Men frequently overestimate their ability to sacrifice themselves and be agreeable. Accommodating feels thankless when they nonetheless encounter complaints from their partner. Patterns of self-sacrifice lead to a buildup of resentment and hurt, of which the guy is often unaware, except by way of his partner’s unhappiness and persistent accusations. Men minimize their feelings, but unbeknownst to them, the hurt and resentment find their voice in another form. These feelings may be disguised, even from men themselves, and expressed through behaviors such as forgetting, lateness, tuning out, silence, and grouchiness. When resentment manifests ambiguously and without awareness or accountability, frustration follows – without resolution. Men are under tremendous pressure to perform, measure up to other men, and be successful. They aren’t supposed to complain, be scared, or depend on others. Perhaps the most challenging of the responsibilities they assume is making women happy, a daunting and seemingly unsolvable mystery. Contrary to stereotypes, boys begin life even more vulnerable than girls — as infants they are more distressed by separation from mothers, less secure, and show greater difficulty recovering from distress. Growing up, boys are shamed for showing sadness, fear, and dependency — feelings that are universal, not the territory of gender or age. Boys learn quickly these reactions will get them labeled a “momma’s boy.” Under penalty of humiliation, they shun vulnerability, eventually becoming removed from awareness of even their own experience of these feelings. Later, this condition may manifest in reacting to women’s hurt by feeling criticized – responding with insensitivity, contempt, or counterattack. To ward off shame brought on by hurt or loneliness, men may act opposite to how they feel, “suck it up,” distract themselves through work and addictions, or become controlling. These unconscious defenses mask the part of men longing for love and support, thereby perpetuating misunderstanding and unfulfillment. From an article by Lynn Margolies, Ph.D. http://psychcentral.com/lib/male-and-misunderstood/0002654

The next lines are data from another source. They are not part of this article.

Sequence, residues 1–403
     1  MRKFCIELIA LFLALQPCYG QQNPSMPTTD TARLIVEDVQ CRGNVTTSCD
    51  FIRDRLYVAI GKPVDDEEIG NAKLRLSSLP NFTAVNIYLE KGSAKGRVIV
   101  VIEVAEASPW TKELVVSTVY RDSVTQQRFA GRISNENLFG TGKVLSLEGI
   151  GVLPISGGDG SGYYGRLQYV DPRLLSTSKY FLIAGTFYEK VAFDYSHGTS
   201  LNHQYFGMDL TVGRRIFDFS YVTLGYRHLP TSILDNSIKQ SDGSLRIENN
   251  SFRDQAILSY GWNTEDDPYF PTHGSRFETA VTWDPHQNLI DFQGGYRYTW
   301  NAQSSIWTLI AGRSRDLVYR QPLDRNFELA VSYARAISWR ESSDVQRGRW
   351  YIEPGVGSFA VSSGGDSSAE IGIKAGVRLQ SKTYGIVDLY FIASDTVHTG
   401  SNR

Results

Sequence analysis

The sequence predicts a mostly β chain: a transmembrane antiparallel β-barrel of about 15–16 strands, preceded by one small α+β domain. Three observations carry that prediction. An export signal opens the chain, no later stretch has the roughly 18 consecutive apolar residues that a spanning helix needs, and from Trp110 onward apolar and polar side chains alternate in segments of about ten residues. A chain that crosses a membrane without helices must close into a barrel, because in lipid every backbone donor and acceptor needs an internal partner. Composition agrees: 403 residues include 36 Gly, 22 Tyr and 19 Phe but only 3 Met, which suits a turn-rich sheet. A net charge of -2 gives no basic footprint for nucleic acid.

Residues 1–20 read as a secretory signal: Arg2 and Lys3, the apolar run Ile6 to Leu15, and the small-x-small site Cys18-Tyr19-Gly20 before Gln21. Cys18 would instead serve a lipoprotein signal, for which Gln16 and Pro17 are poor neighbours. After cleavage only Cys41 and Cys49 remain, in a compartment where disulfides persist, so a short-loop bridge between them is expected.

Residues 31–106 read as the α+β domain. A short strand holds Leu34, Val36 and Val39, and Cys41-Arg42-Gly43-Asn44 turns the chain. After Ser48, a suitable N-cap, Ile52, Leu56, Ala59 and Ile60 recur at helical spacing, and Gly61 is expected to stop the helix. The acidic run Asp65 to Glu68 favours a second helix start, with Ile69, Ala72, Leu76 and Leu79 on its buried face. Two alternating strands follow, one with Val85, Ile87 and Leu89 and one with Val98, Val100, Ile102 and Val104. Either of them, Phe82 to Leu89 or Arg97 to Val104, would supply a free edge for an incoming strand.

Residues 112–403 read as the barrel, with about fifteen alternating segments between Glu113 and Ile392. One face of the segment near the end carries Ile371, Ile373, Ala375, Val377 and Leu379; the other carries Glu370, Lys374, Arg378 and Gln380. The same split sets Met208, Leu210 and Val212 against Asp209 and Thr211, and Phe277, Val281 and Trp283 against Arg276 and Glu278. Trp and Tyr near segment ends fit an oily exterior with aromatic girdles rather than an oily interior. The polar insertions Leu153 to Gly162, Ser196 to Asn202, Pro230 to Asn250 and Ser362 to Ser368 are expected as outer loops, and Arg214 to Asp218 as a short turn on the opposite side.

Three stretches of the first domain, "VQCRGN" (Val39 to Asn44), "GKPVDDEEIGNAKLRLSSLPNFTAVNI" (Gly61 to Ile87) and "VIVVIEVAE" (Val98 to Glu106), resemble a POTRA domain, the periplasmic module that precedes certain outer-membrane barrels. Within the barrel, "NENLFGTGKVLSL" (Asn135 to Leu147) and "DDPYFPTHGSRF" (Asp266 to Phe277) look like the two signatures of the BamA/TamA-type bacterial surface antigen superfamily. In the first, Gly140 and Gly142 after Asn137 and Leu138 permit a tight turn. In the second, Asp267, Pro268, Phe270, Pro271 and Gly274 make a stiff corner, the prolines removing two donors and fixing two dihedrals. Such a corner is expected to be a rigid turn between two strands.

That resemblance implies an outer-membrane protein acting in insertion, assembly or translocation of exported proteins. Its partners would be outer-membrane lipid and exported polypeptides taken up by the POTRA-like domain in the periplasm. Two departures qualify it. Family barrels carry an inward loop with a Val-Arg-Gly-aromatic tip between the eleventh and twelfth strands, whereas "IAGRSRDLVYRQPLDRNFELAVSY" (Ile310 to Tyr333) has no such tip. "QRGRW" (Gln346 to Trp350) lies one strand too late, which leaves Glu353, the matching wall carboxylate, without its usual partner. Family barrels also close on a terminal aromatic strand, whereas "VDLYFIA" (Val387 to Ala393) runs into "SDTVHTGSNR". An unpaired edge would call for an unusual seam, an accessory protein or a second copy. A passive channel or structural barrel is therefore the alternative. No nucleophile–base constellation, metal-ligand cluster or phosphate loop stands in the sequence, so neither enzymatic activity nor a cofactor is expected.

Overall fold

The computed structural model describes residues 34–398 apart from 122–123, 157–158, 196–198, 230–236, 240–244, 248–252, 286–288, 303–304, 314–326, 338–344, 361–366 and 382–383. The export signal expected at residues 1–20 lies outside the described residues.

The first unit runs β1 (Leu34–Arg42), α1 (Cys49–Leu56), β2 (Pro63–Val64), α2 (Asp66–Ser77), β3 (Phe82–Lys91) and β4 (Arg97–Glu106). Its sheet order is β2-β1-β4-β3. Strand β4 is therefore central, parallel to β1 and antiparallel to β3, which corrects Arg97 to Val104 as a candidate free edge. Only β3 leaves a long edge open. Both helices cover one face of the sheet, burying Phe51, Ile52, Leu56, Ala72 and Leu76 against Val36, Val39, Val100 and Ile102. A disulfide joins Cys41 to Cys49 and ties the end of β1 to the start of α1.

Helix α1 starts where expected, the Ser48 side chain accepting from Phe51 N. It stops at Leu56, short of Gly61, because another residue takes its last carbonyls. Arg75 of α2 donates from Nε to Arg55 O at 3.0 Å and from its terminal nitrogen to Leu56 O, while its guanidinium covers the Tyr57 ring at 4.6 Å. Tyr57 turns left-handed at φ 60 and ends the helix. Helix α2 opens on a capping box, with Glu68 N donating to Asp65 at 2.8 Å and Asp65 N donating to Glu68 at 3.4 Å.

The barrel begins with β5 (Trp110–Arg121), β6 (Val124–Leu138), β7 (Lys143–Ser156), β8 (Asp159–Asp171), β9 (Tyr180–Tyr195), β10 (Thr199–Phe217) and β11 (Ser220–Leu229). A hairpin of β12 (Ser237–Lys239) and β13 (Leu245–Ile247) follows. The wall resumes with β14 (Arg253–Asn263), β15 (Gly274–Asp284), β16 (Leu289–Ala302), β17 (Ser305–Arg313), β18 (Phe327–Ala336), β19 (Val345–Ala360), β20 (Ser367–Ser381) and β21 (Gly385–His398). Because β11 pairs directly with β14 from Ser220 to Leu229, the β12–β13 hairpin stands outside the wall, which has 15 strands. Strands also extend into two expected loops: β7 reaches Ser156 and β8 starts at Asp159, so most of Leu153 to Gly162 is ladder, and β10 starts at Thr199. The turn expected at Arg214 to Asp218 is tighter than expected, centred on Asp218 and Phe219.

The single biggest problem
is the illusion that
it has taken place.
George Bernard Shaw
You must be logged in to post a comment.